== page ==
For Harrison the problem was compounded further. The advertised muzzle velocity of his gun is 936 m/s. It sounds like a lot but it’s not constant. With no other motive force beyond the initial velocity of its firing a bullet’s reach is a factor of its weight, height, angle of elevation, air temperature, muzzle velocity and the temperature of the bullet itself. At that speed and with no other factors to take into account a target’s drift due to the Coriolis effect is just a few inches to the left or right (depending on the Earth’s Hemisphere the sniper is at) and up or down (depending on his elevation). The Coriolis effect is at its maximum at the Poles and totally negligible at the Earth’s equator.
Afghanistan is approximately half the distance of the North Pole from the Equator and the Coriolis effect can produce noticeable drift there. At the distance Craig Harrison was shooting at, that day, when combined with all the other factors he had to take into account and the bullet’s six seconds of flight time to target, it made all the difference between scoring a hit and a complete miss.
As I am writing all this I am of course introducing each element sequentially, building up the picture of that day one careful sentence at a time. This is not how it happened however. The day Harrison made sniper history everything was happening at once. He was mentally and physically fatigued, anxious, pressured by time and constrained by distance and the limitations of his equipment. Because of the extreme range he was shooting at, his scope was of little use to him. The target was beyond its settings so he had to fire test shots, see how they flew there and where they hit, gauge what adjustments he should make manually using guesswork and his own knowledge and experience and fire again, hoping his guesswork had made an improvement possible.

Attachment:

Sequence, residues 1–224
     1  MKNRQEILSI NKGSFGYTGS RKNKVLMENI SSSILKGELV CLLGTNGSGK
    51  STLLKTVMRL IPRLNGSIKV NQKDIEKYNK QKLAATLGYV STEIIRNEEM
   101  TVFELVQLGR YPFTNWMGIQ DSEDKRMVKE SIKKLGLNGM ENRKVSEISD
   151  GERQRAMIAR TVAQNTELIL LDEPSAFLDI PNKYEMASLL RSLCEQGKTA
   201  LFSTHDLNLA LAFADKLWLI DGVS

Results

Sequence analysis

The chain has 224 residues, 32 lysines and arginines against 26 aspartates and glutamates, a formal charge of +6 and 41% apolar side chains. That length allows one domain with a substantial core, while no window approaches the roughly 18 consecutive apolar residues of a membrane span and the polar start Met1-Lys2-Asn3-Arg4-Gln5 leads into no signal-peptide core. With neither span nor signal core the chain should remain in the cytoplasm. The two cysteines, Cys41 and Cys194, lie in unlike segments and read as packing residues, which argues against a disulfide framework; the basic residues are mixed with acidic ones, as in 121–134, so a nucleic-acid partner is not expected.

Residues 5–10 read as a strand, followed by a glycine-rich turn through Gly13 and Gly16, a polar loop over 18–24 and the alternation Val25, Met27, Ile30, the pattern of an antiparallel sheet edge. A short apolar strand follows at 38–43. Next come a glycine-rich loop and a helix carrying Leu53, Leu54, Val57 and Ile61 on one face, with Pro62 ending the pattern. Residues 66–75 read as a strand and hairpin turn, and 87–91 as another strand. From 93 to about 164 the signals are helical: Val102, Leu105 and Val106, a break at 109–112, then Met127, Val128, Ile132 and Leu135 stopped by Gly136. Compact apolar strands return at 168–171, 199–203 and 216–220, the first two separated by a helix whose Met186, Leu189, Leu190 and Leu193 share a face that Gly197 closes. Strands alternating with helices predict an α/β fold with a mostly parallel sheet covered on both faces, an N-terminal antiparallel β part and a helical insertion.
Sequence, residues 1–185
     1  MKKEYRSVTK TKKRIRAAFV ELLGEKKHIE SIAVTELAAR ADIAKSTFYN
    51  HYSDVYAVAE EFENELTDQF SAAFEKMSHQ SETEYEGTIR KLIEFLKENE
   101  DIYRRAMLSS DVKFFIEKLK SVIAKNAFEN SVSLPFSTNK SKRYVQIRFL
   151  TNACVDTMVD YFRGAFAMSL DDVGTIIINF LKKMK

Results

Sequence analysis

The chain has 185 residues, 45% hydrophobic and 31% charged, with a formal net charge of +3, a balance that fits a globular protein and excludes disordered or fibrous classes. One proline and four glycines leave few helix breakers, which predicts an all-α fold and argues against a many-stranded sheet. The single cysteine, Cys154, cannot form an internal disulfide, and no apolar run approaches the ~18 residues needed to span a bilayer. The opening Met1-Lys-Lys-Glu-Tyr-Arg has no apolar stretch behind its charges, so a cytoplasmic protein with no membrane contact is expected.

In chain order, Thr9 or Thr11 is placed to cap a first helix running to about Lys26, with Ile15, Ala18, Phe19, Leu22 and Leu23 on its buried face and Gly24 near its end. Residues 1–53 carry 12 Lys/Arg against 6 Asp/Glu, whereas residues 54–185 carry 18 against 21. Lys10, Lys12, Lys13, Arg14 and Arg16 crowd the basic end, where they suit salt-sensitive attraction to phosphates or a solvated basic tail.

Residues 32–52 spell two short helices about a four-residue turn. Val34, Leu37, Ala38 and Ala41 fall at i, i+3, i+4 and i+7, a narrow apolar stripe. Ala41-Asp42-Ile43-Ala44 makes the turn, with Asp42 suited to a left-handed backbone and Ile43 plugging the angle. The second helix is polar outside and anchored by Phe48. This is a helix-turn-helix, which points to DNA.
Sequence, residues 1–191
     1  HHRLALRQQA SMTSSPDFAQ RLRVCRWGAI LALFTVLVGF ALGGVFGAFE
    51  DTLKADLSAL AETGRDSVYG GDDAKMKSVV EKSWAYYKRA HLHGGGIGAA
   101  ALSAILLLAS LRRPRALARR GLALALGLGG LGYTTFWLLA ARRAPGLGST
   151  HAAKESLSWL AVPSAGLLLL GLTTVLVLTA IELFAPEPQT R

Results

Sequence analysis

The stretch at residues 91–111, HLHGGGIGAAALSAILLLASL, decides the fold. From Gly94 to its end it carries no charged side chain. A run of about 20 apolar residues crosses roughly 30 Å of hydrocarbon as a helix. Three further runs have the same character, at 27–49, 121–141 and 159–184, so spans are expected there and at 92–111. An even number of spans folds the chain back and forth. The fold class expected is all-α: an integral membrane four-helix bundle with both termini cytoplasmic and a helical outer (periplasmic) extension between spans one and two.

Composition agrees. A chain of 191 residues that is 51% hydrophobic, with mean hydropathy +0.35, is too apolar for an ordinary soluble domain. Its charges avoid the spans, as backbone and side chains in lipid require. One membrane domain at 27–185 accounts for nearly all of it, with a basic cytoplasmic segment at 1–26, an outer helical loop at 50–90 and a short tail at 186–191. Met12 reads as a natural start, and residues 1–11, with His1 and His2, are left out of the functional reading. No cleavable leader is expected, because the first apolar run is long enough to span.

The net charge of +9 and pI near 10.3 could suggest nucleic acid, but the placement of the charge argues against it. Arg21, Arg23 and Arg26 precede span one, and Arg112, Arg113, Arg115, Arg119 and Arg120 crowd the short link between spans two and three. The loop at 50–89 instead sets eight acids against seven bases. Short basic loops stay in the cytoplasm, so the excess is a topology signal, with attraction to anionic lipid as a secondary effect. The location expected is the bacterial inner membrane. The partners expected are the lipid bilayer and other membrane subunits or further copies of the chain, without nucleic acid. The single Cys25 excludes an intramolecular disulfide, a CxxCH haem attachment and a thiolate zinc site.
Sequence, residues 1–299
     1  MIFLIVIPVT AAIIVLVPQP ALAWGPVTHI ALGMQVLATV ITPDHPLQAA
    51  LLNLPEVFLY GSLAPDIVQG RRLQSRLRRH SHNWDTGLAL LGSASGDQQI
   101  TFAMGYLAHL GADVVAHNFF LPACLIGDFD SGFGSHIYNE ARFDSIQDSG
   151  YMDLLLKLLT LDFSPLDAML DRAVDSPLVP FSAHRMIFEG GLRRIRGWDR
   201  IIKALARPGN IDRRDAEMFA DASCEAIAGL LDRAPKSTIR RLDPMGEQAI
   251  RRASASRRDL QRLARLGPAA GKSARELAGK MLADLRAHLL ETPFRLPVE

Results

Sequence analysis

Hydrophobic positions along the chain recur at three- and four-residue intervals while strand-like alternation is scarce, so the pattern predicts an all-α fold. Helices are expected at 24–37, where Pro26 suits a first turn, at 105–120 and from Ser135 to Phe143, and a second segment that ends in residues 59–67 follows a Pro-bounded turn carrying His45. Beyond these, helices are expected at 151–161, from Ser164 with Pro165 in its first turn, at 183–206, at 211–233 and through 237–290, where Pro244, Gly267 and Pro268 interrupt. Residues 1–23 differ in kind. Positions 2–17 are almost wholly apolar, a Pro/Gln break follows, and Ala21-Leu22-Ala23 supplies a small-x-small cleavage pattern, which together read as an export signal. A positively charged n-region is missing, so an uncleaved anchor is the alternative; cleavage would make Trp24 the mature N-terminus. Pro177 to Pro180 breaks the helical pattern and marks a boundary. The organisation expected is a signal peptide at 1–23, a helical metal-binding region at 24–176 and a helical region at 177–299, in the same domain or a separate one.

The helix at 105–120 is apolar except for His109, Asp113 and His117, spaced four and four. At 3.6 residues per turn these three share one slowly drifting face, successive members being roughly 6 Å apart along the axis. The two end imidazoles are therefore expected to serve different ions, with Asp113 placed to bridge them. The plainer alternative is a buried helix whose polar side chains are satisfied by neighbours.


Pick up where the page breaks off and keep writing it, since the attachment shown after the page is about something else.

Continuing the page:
Yet, within less time it’s taken you to read and digest all this, he’d fired off nine shots to gauge firing conditions and find the range.
One of those shots found its mark. The bullet flew across the 2,475 meters separating Harrison from the enemy machine gun position, the bullet’s flightpath changed by the day’s heat, the updrafts it was encountering, the temperature of the gun barrel and the Coriolis effect, curved all the way to the man lying in the prone position behind the machine gun. Unerringly guided by a mind that in that moment of extreme stress calculated everything and fired off a shot into the future so that the bullet would intersect with where the target was going to be.
And then, as if appearing to be superhuman and making military history all in one go was not enough, Harrison repeated the feat a few seconds later, neutralizing the second of the two-men team who’d taken up the machine gun, cementing his name in military history with an identical shot.
When it comes to snipers something happens with great regularity and it’s the seemingly superhuman way they deal with problems, stress and human limitations. To a man they all appear quite confident about themselves. Understand this: the problems we face challenge who we are. Either they are technical and we are worried we don’t have the skillset, qualities and tenacity to see them through or they are circumstantial and we are afraid they will make us fail, show to us first and then anyone who happens to be watching just how weak and powerless we are.
This is the internal monologue of self-destruction. Problems are not problems faced outside ourselves. They are problems that cast deep shadows inside us first. If we cannot find a way to deal with those shadows, the problems appear overwhelming. They raise up fears we all secretly have that can tear us apart. Successfully dealing with them requires emotional control.
Adapted from: The Sniper Mind: Eliminate Fear, Deal with Uncertainty, and Make Better Decisions